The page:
The validity and reliability of the exposure index as a metric for estimating the radiation dose to the patient

Erenstein, H. G. (Department of Medical Imaging and Radiation Therapy, Hanze University of Applied Sciences, Groningen, Netherlands) ; Browne, D. (Tameside and Glossop Integrated Care Unit NHS Foundation Trust, United Kingdom) ; Curtin, S. (Directorate of Allied & Public Health, University of Salford, United Kingdom) ; Dwyer, R. S. (Department of Medical Imaging and Radiation Sciences, University of Johannesburg, South Africa) ; Higgins, R. N. (Directorate of Allied & Public Health, University of Salford, United Kingdom) ; Hommel, S. F. (Department of Medical Imaging and Radiation Therapy, Hanze University of Applied Sciences, Groningen, Netherlands) ; Menzinga, J. (Department of Medical Imaging and Radiation Therapy, Hanze University of Applied Sciences, Groningen, Netherlands) ; Pires Jorge, José A. (HESAV School of Health Sciences, HES-SO University of Applied Sciences and Arts Western Switzerland) ; Sauty, M. (HESAV School of Health Sciences, HES-SO University of Applied Sciences and Arts Western Switzerland) ; de Vries, G. (Department of Medical Imaging and Radiation Therapy, Inholland University of Applied Sciences, Haarlem, Netherlands) ; England, A. (Directorate of Allied & Public Health, University of Salford, United Kingdom)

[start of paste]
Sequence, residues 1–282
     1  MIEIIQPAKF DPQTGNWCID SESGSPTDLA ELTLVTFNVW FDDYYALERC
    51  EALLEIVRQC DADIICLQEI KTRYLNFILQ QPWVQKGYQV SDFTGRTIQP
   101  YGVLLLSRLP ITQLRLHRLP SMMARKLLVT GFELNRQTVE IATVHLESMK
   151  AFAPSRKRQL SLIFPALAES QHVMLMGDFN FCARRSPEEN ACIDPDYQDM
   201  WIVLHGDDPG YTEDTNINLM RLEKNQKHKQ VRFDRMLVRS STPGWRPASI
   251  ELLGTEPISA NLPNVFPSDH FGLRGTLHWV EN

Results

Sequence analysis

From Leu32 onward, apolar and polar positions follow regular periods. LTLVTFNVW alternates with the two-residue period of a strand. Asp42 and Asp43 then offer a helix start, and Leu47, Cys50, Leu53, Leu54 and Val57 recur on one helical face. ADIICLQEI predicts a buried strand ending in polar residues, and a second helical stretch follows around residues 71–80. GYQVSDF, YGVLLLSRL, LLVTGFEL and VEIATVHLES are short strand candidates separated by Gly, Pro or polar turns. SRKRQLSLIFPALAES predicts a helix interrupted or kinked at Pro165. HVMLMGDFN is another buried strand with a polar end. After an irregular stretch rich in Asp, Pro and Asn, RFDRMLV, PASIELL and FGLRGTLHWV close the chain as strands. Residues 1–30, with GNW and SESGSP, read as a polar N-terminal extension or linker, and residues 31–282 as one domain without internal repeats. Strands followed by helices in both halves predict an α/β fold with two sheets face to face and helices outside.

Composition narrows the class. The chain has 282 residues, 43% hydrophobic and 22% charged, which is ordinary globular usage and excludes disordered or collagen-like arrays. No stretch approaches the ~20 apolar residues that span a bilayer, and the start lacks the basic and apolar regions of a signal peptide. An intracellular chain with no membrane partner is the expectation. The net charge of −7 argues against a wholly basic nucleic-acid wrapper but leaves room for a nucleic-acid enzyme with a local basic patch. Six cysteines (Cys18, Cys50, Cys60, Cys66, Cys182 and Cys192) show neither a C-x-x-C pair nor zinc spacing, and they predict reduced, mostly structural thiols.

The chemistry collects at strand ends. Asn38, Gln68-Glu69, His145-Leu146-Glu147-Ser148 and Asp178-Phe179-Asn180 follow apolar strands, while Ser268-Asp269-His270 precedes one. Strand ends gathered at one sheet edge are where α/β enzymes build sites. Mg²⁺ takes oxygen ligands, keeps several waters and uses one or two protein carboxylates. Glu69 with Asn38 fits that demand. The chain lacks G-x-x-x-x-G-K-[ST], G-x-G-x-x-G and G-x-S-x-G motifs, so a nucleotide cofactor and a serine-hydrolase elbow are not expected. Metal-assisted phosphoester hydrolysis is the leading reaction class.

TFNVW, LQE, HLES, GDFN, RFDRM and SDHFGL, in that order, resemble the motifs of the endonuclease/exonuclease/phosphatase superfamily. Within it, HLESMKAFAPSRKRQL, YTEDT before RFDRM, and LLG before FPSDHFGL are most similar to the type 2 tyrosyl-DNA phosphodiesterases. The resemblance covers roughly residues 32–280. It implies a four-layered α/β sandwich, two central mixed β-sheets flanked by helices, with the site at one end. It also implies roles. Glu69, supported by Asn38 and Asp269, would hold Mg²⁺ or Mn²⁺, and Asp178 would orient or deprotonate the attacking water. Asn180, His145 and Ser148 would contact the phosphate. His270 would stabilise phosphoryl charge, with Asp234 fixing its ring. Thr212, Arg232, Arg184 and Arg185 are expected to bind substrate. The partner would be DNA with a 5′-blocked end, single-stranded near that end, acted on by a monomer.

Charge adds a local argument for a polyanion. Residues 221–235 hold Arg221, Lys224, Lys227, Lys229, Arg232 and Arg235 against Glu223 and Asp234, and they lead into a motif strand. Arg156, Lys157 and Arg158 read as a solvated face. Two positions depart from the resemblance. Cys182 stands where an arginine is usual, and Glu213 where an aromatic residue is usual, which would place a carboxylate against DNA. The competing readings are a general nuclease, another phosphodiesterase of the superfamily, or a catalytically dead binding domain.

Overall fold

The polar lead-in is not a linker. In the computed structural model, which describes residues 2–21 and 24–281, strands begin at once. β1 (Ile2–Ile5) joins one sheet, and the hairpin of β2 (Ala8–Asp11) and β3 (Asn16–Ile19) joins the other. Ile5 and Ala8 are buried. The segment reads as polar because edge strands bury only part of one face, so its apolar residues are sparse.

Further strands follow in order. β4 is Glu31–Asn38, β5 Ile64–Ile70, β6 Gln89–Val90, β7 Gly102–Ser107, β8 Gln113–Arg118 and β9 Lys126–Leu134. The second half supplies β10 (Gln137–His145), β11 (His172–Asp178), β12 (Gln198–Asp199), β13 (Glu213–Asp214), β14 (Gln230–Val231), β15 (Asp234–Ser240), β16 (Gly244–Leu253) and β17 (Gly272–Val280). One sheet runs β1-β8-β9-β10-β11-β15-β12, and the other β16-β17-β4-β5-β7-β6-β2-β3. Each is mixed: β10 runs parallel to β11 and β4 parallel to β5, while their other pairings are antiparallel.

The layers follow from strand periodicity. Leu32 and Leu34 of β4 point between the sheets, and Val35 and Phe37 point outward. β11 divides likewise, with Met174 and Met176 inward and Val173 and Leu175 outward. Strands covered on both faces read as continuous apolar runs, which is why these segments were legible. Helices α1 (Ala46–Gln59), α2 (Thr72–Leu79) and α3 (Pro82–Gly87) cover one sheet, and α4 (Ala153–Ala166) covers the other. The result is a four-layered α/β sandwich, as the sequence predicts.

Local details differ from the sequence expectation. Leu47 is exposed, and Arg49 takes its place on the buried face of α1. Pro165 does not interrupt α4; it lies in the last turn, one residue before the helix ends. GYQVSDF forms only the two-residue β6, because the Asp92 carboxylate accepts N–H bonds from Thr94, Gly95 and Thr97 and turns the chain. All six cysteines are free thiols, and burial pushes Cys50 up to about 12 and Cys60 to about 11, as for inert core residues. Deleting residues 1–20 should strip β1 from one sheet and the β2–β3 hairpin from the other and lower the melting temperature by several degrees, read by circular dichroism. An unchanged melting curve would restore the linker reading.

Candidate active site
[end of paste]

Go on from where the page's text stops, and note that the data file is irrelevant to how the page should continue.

Introduction With the introduction of digital radiography, the feedback between image quality and over-exposure has been partly lost which in some cases has led to a steady increase in dose. Over the years the introduction of exposure index (EI) has been used to resolve this phenomenon referred to as ‘dose creep’. Even though EI is often vendor specific it is always a related of the radiation exposure to the detector. Due to the nature of this relationship EI can also be used as a patient dose indicator, however this is not widely investigated in literature. Methods A total of 420 dose-area-product (DAP) and EI measurements were taken whilst varying kVp, mAs and body habitus on two different anthropomorphic phantoms (pelvis and chest). Using linear regression, the correlation between EI and DAP were examined. Additionally, two separate region of interest (ROI) placements/per phantom where examined in order to research any effect on EI. Results When dividing the data into subsets, a strong correlation between EI and DAP was shown with all R-squared values > 0.987. Comparison between the ROI placements showed a significant difference between EIs for both placements. Conclusion This research shows a clear relationship between EI and radiation dose which is dependent on a wide variety of factors such as ROI placement, body habitus. In addition, pathology and manufacturer specific EI’s are likely to be of influence as well. Implications for practice The combination of DAP and EI might be used as a patient dose indicator. However, the influencing factors as mentioned in the conclusion should be considered and examined before implementation.


Keywords:
Article Type:
scientifique
Faculty:
Santé
Branch:
Technique en radiologie médicale
School:
HESAV
Institute:
Unité de recherche en santé, HESAV
Date:
2020-10
Pagination:
6 p.
Published in:
Radiography
Numeration (vol. no.):
October 2020, vol. 26, suppl. 2, pp. S94-S99
DOI:
ISSN:
1078-8174
Appears in Collection:



 Record created 2020-10-02, last modified 2020-10-27

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